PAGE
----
Tai Chi is many things to many different practitioners. For some, it is a powerful Chinese martial art. For others, Tai Chi is a meaningful health therapy or fitness plan. Even as Tai Chi has remained in the news as a valuable, healthy exercise for mind and body, there are still numerous misconceptions about this ancient art.
Let’s dispel some of these Tai Chi myths.
Misconception 1: Tai Chi Is Too Slow to Offer Any Health Benefit
Often, a person’s initial understanding of Tai Chi comes from something that they’ve seen on Youtube or in movies. They may have even watched a fitness video of Tai Chi and felt like the slower, continuous movements of Tai Chi couldn’t possibly be offering the workout they desired.
This is one of those areas where looks can be extremely deceiving. On the contrary, Tai Chi is actually one of the most beneficial activities that you can do for your overall health. Research has found that Tai Chi benefits memory, even possibly delaying the onset of conditions like Alzheimer’s. Additional studies have found that Tai Chi contributes to lower blood pressure, reduced inflammation, greater balance and coordination, increased muscle strength, and wider flexibility.
Tai Chi is, of course, not an intense physical activity. Instead, it is often referred to as a kind of meditation in motion that still offers incredible cardiovascular benefits. However, it is the very difference between strenuous exercise and Tai Chi that helps offer these benefits. Intense aerobic exercise has its place of importance, but the calming, strengthening, mentally focused activity of Tai Chi provides separate, even unique benefits — the full spectrum of which research is only beginning to uncover.
Misconception 2: Tai Chi Is Not an Effective Martial Art
Tai Chi is absolutely an original martial art, dating back to 13th century China, in fact. While Tai Chi is perhaps more often undertaken these days for the myriad health benefits, the martial art aspect is still a key component of the movements and forms. You must learn the basics of Tai Chi before you can proceed more deeply into Tai Chi as a form of self-defense. These deeper techniques include actions known as sparring and push hands, as well as expanding upon the visualization techniques and foundations of the art that you learn early on when beginning Tai Chi. Ultimately, it’s down to the individual martial artist rather then the art itself. A diligently practitioner of just a few years in one martial art would easily defeat a poor practitioner of 20 years in another art. So making comparisons is never really a valid thing to do.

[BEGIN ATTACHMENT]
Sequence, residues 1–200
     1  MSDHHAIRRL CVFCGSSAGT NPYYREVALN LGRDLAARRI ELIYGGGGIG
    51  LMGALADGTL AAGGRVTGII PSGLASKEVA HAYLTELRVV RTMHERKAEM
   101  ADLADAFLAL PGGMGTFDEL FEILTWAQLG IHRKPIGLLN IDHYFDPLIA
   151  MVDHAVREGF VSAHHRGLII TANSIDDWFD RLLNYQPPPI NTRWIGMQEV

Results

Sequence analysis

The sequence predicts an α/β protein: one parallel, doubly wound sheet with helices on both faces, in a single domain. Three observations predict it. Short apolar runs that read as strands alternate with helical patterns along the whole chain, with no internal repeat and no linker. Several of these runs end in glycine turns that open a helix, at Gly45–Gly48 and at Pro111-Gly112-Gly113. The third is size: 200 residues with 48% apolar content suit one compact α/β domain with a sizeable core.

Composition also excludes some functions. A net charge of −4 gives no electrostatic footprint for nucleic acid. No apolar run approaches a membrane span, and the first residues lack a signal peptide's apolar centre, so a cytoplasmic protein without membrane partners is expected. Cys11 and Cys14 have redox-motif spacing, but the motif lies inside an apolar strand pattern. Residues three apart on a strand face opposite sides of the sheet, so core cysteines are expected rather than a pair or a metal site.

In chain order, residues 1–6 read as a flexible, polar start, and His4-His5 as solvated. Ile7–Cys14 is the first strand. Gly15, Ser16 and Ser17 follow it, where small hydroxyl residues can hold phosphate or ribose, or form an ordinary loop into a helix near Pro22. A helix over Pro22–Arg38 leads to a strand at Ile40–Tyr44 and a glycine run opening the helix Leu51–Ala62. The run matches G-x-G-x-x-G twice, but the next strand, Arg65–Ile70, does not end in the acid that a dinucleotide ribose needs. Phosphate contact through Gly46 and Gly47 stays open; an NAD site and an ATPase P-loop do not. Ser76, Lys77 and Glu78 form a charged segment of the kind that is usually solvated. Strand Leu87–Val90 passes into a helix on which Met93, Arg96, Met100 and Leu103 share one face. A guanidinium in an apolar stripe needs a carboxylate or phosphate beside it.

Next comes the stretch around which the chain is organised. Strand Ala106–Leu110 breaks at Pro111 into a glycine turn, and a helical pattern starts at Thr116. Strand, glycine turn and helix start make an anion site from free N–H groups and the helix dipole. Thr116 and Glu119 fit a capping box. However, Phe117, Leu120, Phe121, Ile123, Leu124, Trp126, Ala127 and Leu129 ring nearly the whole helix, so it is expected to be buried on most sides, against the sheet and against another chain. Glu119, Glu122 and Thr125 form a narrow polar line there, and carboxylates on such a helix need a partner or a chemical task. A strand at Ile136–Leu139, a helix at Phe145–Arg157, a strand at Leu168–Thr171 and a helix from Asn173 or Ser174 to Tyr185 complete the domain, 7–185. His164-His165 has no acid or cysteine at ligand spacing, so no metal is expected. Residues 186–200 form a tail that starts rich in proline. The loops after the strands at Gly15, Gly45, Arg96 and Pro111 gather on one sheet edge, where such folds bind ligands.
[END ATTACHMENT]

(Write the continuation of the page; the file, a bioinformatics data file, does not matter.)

Misconception 3: It Has to Be Done Outside/In a Group/In a Certain Environment
The beauty of Tai Chi is that it can be practised anywhere, from the park to your own home. While a class is extremely beneficial in helping you learn the proper techniques involved in Tai Chi, and to experience partner movements and other Tai Chi activities, once you’ve learned these techniques, you can easily practise them at home on your own, as well. Tai Chi can be whatever you need it to be to fit your lifestyle.
Misconception 4: Only Certain Ages (Usually Older) Do Tai Chi
Tai Chi is for everyone! While it is of high benefit to elderly individuals for its gentleness and specific health benefits, including research showing it can even reduce the risk of falls and strengthen the mind, anyone of any age can — and should! — consider trying Tai Chi. This is an extraordinary exercise that will change your overall health for the better regardless of age, fitness level, or even injury restrictions.
Misconception 5: You Have to Have a Specific Uniform to Practise Tai Chi
You do not have to wear any specific uniform to practise Tai Chi. Generally, loose clothing is recommended due to the flow of energy (known as Qi) that is an essential part of Tai Chi practise. You can choose to wear shoes, particularly if you do practise outdoors and to assist with balance in your movements, but many Tai Chi practitioners choose to perform their movements barefoot. Eventually, as you find yourself enjoying Tai Chi and wanting to feel more connected to the art, you may wish to purchase traditional Tai Chi attire, but it certainly is never required.
Misconception 6: Tai Chi Is Just Like Yoga
Tai Chi and yoga are both wonderfully beneficial exercises, and even have similar goals, but they are also completely different. While yoga consists of specific postures that are often held for certain lengths of time, Tai Chi is more dance-like, consisting of a constant flow of movement without those same pauses.
Most of the moves and poses of yoga are practised on a mat, while Tai Chi is typically spent standing and moving around, quite possibly making it a little easier for those who might find spending time on the floor to be difficult. There are a variety of styles of both Tai Chi and yoga. If you take yoga, you might consider trying out a Tai Chi class to note the differences and determine your preferences.
Tai Chi Can Make a Difference in Your Health and Wellbeing
If you’ve never tried Tai Chi, or are looking to return to Tai Chi practise, consider attending one of my classes in York. I offer classes three days a week, and am also available for a 15-minute phone consultation to discuss your specific needs and goals beforehand.
You’ll be amazed at how this ancient art form can completely transform your life.
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